In “Nevermind,” Pulvermacher sings about how we all need to connect to keep from hardening inside: ”You can see I’m searching for a hope that’s hard to find / while I’m turning into someone who is deaf and dumb and blind / when you ask me how my day went and I tell you that I’m fine / Well you know what I meant is Nevermind.”
Pulvermacher’s personal influences shine through in his music. “Days Gone By (Campfire Song)”, from his Midwestern CD, has the staccato strains reminiscent of the Red Hot Chili Peppers. If you closed your eyes as Keith launched into his encore song, “Go Down to the River,” you would swear Jimi Hendrix was shredding the opening riffs. Despite these influences, Pulvermacher’s songs are uniquely his and born out of his experiences.
Keith closed out the set warmly thanking all of his fans for supporting his music, for supporting GiveSong, and for making the connection.
It’s been said that to be a successful modern country singer, you can only sing about pickup trucks, girls, beer, jeans, boots, guns, and critters. The Nashville duo, Carvin Walls, opening for the Keith Pulvermacher Band, breaks down these stereotypes. Carvin Walls is the married duo of Kelly Carvin Walls and Troy Walls. Kelly and Troy brought their unique version of country music to the stage in support of their debut album, Between Us, released during January 2019.
Carvin Walls songs reflect a playfulness that exists between Troy and Kelly, as well as the deep affection each has for the other. They come from very different backgrounds. Kelly hails from New Jersey where she performed professionally. Troy is from West Virginia and considers himself to be a true country boy.
Their different backgrounds form the basis for their song “Hippie,” where Troy exclaims that he “can’t believe a country boy like me fallin’ in love with a hippie.!” Peace, love and sandy feet, y’all!
Carvin Walls found their connection to Keith Pulvermacher through Ryan Rossebo, the Nashville-based producer who crafted both Between Us and 45 Story.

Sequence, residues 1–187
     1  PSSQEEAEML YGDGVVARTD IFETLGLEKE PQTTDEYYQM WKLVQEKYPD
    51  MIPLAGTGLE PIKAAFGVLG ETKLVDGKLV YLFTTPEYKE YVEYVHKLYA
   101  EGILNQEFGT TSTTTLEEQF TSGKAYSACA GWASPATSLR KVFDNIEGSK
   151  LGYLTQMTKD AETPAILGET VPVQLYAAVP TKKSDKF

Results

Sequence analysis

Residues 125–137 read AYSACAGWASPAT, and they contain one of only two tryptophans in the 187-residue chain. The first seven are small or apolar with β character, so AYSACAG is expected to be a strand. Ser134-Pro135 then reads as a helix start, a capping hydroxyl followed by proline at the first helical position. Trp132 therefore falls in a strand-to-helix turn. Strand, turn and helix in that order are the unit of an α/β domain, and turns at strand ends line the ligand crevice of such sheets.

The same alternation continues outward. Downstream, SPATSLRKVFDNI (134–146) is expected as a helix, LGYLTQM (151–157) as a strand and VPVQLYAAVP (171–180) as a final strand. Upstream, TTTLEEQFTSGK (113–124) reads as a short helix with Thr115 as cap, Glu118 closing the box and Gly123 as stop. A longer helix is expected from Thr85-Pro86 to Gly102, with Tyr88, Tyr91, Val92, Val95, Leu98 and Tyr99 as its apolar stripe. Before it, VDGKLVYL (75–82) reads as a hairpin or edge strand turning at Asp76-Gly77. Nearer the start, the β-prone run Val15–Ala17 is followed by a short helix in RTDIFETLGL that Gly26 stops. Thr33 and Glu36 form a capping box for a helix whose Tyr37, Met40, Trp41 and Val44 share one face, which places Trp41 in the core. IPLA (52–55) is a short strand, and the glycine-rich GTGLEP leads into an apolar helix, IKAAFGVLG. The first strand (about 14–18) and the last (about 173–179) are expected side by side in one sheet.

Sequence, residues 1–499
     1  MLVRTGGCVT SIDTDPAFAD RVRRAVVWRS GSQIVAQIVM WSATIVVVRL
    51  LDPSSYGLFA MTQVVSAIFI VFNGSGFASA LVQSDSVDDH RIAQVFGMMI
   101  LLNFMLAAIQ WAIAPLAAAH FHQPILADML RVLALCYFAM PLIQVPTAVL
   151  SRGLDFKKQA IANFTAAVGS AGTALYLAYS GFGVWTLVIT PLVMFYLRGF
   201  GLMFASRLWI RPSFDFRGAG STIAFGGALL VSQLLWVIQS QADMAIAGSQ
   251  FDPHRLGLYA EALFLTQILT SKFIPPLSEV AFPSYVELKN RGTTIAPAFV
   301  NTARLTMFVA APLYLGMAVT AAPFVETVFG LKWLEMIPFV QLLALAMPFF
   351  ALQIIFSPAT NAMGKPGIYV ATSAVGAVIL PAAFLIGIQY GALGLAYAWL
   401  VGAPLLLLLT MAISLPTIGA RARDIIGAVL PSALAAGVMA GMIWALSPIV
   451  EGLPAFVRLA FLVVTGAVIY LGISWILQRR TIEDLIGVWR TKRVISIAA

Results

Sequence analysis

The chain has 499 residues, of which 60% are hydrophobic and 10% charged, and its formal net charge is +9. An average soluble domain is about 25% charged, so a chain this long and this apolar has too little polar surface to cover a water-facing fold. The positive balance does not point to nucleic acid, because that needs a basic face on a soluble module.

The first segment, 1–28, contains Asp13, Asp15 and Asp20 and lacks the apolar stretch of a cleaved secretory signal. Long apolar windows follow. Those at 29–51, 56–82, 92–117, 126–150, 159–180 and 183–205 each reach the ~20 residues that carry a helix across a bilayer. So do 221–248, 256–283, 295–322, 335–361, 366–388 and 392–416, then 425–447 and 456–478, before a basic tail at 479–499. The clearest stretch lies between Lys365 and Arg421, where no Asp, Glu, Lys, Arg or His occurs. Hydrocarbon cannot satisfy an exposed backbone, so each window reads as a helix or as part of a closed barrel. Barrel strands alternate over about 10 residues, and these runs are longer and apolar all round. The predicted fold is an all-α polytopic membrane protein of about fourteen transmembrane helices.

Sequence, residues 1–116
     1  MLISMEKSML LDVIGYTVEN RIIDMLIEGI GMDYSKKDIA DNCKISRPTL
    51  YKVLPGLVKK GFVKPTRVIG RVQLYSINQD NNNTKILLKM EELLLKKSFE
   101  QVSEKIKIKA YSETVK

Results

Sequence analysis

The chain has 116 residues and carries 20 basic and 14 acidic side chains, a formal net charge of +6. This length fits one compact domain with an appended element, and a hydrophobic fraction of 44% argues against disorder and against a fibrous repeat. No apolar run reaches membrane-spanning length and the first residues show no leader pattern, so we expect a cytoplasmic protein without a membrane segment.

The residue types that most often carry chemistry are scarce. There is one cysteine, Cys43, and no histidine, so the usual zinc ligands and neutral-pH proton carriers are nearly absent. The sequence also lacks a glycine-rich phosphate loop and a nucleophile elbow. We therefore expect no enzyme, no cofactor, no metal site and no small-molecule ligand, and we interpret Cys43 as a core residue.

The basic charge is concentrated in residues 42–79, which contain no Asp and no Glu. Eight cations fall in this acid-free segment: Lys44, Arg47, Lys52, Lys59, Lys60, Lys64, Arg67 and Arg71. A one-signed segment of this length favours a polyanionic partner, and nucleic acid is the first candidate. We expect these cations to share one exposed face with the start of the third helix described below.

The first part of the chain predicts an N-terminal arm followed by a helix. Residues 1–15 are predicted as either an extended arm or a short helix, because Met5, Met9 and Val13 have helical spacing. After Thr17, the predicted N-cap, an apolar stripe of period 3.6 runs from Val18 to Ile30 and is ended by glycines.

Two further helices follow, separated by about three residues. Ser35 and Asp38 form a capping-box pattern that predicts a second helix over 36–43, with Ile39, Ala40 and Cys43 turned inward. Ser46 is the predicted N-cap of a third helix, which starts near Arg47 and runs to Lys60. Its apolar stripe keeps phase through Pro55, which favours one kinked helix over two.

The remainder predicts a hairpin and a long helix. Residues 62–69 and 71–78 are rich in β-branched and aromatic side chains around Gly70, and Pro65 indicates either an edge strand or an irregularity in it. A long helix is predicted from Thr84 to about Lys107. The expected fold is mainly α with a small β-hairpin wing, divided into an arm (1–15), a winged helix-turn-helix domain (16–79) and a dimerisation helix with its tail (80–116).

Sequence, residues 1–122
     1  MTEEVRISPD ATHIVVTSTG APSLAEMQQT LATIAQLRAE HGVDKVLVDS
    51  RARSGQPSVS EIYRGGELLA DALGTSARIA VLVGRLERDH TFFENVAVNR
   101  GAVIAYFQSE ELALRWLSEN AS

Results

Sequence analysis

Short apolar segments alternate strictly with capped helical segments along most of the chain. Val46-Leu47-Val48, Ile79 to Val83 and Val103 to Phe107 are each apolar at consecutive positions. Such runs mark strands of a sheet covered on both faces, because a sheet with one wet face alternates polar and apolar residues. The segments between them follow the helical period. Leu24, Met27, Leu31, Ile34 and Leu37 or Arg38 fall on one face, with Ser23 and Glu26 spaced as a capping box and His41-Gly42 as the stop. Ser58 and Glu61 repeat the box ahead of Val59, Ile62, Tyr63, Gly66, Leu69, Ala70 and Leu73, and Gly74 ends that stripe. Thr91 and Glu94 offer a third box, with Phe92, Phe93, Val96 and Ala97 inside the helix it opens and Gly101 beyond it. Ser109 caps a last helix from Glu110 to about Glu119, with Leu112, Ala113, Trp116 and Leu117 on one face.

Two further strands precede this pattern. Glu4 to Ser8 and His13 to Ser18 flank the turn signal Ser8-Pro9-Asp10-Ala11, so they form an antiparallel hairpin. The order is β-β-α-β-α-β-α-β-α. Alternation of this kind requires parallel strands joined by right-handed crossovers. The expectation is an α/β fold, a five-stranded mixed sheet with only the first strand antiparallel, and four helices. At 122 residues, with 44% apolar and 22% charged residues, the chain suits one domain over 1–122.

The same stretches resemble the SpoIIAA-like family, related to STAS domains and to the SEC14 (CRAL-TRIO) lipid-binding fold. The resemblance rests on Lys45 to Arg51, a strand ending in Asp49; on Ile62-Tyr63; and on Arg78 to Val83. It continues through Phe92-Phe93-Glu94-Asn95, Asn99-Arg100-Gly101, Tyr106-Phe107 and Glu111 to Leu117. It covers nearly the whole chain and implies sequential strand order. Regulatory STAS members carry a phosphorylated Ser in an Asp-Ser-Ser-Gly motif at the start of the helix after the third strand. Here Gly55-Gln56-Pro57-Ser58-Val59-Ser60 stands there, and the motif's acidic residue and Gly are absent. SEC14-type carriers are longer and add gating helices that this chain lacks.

A Personal Conversation with Keith Pulvermacher
I had an opportunity to meet with Keith to talk about GiveSong, his newest release, 45 Story, and his views on life, the need for us all to feel and be connected and to make an impact on our community. We also talked about the age-old question of “Whatever did happen to Maroon 5’s sound, anyway?” Here are the edited highlights of our conversation:
Tell us about GiveSong and your “Always Be Here for You” campaign
GiveSong is supposed to work as a network to give people an avenue or vehicle to get involved with a charity they are passionate about. It’s also an opportunity to connect with corporate sponsors. If you look at the sites of the companies who are donating money, they have lots of opportunities for jobs.
I’m trying to create a culture that’s based upon being here for each other. Not just metaphorically, but actually putting it into action. It’s about working on those connections with the music tangibly working and showing how it’s raising money.
Right now, GiveSong is set up as an LLC and not a 501c-3 so that I don’t need a board of directors and bylaws. All of the charities have to be 501c-3 eligible.
I’m still looking for corporate sponsors. I would like to fund Make-A-Wish and something for veterans. The corporate sponsor gives $5,000 and right now, all that goes to the charity, which gives the sponsor a tax deduction. I don’t touch it. We still count that as money we raise because I am helping to connect the dots.
When you solicit sponsorships from a corporate sponsor, are you trying to find the connection a sponsor might have to the charity?
Yes, I think that’s where the contribution will get the most juice. It also might inspire them to raise more money.
Each of the corporate donors has had some personal connection to the charities, through diabetes, the loss of a child to cancer or other connections. The donors have been very passionate about these causes and their donations have helped to show how they meet their corporate and personal responsibilities to the world.